LampsonFest – Ron Rivest, Martin Abadi, Cynthia Dwork


February 21, 2014


Cynthia Dwork, Martin Abadi, and Ron Rivest


Massachusetts Institute of Technology, Microsoft, MSR Silicon Valley


  • Ron Rivest – Reflections on SDSI
  • Martin Abadi – Authentication in distributed systems: Theory and actual practice
  • Cynthia Dwork – Differential Privacy: Dreams and Nightmares


Cynthia Dwork, Martin Abadi, and Ron Rivest

Professor Rivest is the Viterbi Professor of Computer Science in MIT’s Department of Electrical Engineering and Computer Science, a member of MIT’s Computer Science and Artificial Intelligence Laboratory (CSAIL), a member of that lab’s Theory of Computation Group and a leader of its Cryptography and Information Security Group. He received a B.A. in Mathematics from Yale University in 1969, and a Ph.D. in Computer Science from Stanford University in 1974. His research interests include cryptography, computer and network security, voting systems, and algorithms. Rivest is a co-inventor of the RSA public-key cryptosystem, has extensive experience in cryptographic design and cryptanalysis. He is also a founder of RSA Data Security and of Verisign. He is a member of the National Academy of Engineering and the National Academy of Sciences, and is a Fellow of the Association for Computing Machinery, the International Association for Cryptographic Research, and the American Academy of Arts and Sciences. He is also on the Advisory Board for the Electronic Privacy Information Center. Together with Adi Shamir and Len Adleman, he has received the 2002 ACM Turing Award and the 2009 NEC C&C Award.

Martín Abadi is a computer scientist, currently working at the University of California, Santa Cruz and Microsoft Research. He earned his Ph.D. from Stanford University in 1987 as a student of Zohar Manna. He is well-known for his work on computer security and on programming languages, including his paper (with Michael Burrows and Roger Needham) on the Burrows-Abadi-Needham logic for analyzing authentication protocols, and his book (with Luca Cardelli) A Theory of Objects, laying out formal calculi for the semantics of object-oriented programming languages. He is a 2008 Fellow of the Association for Computing Machinery.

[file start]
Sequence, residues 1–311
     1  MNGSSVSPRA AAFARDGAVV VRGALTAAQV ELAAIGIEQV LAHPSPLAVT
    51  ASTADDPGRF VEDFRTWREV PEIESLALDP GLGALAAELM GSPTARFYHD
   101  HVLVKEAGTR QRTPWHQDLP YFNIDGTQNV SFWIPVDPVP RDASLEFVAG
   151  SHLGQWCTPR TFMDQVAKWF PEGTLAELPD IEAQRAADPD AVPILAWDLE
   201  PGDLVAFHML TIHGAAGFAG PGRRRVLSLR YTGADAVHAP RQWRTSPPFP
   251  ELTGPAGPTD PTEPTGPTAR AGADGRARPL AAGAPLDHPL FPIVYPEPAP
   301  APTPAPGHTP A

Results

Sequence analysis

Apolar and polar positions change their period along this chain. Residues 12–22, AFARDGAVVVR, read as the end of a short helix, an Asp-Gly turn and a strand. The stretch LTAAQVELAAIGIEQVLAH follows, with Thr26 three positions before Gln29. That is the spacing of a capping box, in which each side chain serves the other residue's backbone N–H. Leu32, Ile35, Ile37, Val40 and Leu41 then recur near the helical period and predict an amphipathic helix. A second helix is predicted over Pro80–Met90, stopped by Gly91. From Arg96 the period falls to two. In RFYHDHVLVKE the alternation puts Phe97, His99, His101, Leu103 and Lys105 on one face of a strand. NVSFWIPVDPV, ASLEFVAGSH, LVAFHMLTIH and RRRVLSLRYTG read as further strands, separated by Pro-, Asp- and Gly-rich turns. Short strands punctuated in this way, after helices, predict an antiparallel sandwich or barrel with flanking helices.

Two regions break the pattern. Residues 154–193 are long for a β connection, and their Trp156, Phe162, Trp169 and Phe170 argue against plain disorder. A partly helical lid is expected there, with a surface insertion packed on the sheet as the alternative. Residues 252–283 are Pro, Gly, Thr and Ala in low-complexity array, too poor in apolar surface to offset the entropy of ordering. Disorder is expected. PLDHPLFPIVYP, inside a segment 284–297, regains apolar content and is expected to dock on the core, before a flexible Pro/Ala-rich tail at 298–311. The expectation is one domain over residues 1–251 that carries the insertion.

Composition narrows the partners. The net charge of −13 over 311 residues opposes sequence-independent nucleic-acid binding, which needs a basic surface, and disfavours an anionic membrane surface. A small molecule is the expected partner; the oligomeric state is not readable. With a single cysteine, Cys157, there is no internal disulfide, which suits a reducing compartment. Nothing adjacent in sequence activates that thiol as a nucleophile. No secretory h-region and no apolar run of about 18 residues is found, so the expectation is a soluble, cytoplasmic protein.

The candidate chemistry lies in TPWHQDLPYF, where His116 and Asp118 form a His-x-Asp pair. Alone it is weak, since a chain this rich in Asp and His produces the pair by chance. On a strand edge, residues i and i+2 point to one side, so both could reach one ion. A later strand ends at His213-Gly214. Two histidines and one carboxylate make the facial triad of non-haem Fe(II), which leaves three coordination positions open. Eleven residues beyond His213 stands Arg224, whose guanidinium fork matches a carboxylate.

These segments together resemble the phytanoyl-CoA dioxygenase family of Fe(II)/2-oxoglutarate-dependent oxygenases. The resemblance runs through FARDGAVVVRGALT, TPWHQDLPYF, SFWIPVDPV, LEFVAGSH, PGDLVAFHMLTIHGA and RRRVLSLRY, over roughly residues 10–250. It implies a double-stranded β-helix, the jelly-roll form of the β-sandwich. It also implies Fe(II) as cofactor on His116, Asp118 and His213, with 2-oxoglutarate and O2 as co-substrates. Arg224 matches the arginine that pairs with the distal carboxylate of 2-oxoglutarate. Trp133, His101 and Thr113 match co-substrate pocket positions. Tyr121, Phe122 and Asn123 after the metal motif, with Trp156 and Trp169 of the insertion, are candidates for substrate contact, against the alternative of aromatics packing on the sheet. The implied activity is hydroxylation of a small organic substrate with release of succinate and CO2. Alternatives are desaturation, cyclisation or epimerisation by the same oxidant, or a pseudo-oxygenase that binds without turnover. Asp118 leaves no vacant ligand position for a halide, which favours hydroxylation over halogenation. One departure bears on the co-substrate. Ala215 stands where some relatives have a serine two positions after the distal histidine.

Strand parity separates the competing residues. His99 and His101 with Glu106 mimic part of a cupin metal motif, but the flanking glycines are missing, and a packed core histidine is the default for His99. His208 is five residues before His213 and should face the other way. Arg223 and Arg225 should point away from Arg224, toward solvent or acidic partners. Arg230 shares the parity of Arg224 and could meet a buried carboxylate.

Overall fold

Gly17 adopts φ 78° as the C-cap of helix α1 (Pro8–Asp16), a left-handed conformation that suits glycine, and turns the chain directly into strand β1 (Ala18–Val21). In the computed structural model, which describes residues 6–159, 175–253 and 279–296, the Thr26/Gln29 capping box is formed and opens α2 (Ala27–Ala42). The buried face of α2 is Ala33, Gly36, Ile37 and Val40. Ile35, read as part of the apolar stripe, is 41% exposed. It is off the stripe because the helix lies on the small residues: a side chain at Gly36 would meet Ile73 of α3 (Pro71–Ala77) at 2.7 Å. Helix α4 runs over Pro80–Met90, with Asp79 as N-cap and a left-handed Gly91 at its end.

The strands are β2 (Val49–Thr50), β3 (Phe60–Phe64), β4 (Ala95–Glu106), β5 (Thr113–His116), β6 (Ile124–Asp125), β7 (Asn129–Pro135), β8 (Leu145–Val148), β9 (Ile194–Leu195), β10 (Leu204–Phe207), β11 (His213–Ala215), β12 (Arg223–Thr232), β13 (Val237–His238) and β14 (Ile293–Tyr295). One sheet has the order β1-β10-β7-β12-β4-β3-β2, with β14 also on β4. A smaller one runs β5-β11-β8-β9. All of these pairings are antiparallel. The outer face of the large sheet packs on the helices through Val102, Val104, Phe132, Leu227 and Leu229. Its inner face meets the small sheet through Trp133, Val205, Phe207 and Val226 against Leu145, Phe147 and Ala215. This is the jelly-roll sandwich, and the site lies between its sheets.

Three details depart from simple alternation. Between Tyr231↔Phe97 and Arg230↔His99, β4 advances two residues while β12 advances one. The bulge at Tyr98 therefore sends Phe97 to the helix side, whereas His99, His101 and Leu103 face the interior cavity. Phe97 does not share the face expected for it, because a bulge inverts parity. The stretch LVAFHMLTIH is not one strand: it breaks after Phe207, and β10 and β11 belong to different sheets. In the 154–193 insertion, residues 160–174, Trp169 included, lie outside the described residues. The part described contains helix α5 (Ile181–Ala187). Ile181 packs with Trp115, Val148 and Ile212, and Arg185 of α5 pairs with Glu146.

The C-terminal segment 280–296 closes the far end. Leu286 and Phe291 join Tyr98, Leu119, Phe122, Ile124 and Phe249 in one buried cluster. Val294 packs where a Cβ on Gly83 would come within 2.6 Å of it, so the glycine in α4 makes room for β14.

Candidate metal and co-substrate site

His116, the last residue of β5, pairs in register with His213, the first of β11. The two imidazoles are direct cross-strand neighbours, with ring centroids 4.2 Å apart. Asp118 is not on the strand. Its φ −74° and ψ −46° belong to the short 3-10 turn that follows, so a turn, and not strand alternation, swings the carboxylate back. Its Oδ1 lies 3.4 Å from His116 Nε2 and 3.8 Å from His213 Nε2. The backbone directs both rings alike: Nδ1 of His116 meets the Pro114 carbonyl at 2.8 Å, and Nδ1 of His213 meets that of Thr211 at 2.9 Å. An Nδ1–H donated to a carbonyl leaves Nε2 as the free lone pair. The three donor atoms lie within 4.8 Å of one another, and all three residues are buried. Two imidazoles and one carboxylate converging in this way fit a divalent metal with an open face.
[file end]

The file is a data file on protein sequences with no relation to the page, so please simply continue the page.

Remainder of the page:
Cynthia Dwork is a theoretical computer scientist, best known for her work in cryptography, distributed computing, and the computational approach to fighting spam. After fifteen years at the IBM Almaden Research Center, she became Staff Fellow at the Compaq Systems Research Center in ‘00, leaving to join MSR in ‘01. Cynthia has also been a consulting professor at Stanford since ‘96, and has taught at Berkeley and the University of Siena. Her recent research efforts have been in data privacy and internet mathematics.